13. 21 CFR 160.190 - Frozen egg yolks.

    Code of Federal Regulations, 2012 CFR

    2012-04-01

    ... 21 Food and Drugs 2 2012-04-01 2012-04-01 false Frozen egg yolks. 160.190 Section 160.190 Food and... CONSUMPTION EGGS AND EGG PRODUCTS Requirements for Specific Standardized Eggs and Egg Products § 160.190 Frozen egg yolks. (a) Frozen egg yolks, frozen yolks is the food prepared by freezing egg yolks...

  14. 21 CFR 160.190 - Frozen egg yolks.

    Code of Federal Regulations, 2013 CFR

    2013-04-01

    ... 21 Food and Drugs 2 2013-04-01 2013-04-01 false Frozen egg yolks. 160.190 Section 160.190 Food and... CONSUMPTION EGGS AND EGG PRODUCTS Requirements for Specific Standardized Eggs and Egg Products § 160.190 Frozen egg yolks. (a) Frozen egg yolks, frozen yolks is the food prepared by freezing egg yolks...

  15. 21 CFR 160.190 - Frozen egg yolks.

    Code of Federal Regulations, 2014 CFR

    2014-04-01

    ... 21 Food and Drugs 2 2014-04-01 2014-04-01 false Frozen egg yolks. 160.190 Section 160.190 Food and... CONSUMPTION EGGS AND EGG PRODUCTS Requirements for Specific Standardized Eggs and Egg Products § 160.190 Frozen egg yolks. (a) Frozen egg yolks, frozen yolks is the food prepared by freezing egg yolks...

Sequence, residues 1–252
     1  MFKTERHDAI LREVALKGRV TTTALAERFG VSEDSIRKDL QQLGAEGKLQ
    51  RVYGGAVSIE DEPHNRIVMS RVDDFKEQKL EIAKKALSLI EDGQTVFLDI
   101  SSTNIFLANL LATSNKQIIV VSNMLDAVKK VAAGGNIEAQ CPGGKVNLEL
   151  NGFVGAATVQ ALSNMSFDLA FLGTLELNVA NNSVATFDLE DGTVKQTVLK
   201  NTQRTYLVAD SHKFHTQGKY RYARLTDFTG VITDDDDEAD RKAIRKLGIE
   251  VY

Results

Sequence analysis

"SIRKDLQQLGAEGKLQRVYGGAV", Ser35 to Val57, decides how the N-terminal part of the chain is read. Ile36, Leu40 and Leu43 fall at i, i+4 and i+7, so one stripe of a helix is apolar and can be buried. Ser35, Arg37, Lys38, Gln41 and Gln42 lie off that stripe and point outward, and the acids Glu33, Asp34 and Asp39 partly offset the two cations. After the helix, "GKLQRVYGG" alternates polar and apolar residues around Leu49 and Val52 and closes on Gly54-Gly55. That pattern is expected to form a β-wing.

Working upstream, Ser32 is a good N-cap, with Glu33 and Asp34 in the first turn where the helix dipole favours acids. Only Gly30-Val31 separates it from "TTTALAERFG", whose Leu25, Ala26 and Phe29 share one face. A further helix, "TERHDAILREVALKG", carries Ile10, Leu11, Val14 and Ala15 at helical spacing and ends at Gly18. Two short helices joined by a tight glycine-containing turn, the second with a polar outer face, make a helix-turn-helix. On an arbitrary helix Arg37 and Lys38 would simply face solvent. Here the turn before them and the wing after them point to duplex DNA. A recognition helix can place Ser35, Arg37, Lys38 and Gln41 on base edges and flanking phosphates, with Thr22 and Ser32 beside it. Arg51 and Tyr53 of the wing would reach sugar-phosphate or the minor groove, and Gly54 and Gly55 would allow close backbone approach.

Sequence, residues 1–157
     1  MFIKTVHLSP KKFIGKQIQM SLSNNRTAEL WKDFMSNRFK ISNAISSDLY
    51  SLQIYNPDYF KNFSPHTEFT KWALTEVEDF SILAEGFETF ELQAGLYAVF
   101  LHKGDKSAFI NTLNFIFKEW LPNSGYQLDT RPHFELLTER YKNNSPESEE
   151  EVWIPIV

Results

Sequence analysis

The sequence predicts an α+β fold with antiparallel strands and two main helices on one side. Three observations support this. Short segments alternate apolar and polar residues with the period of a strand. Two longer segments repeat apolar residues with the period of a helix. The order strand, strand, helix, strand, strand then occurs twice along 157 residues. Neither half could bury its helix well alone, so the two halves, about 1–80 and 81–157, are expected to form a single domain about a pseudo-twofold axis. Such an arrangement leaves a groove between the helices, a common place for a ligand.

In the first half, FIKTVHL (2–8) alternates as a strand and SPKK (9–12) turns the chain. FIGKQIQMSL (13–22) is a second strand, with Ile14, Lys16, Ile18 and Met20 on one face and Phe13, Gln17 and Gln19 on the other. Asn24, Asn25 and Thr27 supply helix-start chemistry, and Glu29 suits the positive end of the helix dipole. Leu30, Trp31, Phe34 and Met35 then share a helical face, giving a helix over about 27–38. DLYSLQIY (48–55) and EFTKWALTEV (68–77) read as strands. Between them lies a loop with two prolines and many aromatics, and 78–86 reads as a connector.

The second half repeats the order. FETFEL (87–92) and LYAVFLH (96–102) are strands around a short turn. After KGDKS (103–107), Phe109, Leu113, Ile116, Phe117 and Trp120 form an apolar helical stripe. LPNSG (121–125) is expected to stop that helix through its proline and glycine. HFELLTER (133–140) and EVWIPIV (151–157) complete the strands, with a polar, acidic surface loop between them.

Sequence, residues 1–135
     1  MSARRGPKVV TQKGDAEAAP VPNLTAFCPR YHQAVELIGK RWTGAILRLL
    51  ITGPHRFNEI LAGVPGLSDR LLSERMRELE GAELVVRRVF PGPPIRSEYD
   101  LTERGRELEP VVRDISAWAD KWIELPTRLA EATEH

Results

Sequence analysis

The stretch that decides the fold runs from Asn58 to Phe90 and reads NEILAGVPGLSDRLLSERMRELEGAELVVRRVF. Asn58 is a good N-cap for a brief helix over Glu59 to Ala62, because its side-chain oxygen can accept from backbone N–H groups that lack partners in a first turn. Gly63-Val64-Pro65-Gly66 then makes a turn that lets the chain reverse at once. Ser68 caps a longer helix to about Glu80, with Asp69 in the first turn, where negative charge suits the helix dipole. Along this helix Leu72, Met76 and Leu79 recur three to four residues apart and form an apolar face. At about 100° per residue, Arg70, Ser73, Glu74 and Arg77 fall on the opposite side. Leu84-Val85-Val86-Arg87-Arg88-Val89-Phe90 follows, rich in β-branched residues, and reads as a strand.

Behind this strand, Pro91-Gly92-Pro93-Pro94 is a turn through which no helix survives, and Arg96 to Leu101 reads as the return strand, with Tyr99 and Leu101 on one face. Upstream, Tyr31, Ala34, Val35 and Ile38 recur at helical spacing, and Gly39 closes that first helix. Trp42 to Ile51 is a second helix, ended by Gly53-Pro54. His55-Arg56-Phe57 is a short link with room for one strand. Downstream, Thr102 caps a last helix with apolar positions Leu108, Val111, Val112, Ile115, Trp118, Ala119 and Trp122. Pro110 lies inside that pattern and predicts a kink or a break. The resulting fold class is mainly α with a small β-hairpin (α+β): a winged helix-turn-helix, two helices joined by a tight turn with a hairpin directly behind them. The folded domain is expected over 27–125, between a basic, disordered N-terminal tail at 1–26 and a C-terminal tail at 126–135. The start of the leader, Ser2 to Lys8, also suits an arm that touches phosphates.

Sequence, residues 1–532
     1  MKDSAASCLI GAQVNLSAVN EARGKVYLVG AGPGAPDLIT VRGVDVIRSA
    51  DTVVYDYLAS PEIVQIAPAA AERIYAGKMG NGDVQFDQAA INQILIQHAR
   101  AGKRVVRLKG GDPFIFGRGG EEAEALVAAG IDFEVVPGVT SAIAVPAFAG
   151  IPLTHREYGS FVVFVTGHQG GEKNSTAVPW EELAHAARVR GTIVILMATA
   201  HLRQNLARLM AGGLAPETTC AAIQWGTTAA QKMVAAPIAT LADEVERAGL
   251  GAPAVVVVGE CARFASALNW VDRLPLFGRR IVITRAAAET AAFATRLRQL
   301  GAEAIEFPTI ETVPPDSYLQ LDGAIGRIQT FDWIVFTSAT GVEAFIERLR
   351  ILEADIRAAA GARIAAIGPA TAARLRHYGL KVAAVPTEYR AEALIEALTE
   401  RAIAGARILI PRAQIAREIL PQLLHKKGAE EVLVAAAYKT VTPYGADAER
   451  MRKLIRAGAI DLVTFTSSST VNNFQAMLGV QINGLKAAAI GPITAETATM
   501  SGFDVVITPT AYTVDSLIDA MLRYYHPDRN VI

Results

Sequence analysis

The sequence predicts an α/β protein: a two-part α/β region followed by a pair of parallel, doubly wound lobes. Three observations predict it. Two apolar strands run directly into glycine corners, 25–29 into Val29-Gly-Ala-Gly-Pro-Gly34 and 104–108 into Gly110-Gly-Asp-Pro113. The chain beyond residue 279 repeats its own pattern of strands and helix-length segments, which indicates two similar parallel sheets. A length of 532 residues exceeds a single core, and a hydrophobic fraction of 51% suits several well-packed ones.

16. 21 CFR 160.190 - Frozen egg yolks.

    Code of Federal Regulations, 2011 CFR

    2011-04-01

    ... 21 Food and Drugs 2 2011-04-01 2011-04-01 false Frozen egg yolks. 160.190 Section 160.190 Food and... CONSUMPTION EGGS AND EGG PRODUCTS Requirements for Specific Standardized Eggs and Egg Products § 160.190 Frozen egg yolks. (a) Frozen egg yolks, frozen yolks is the food prepared by freezing egg yolks...

  17. 21 CFR 160.190 - Frozen egg yolks.

    Code of Federal Regulations, 2010 CFR

    2010-04-01

    ... Frozen egg yolks. (a) Frozen egg yolks, frozen yolks is the food prepared by freezing egg yolks that... 21 Food and Drugs 2 2010-04-01 2010-04-01 false Frozen egg yolks. 160.190 Section 160.190 Food and Drugs FOOD AND DRUG ADMINISTRATION, DEPARTMENT OF HEALTH AND HUMAN SERVICES (CONTINUED) FOOD FOR...

  18. Studies on pharmacological effects of Russell's viper and Saw-scaled viper venom and its neutralization by chicken egg yolk antibodies.

    PubMed

    Meenatchisundaram, S; Parameswari, G; Michael, A; Ramalingam, S

    2008-08-01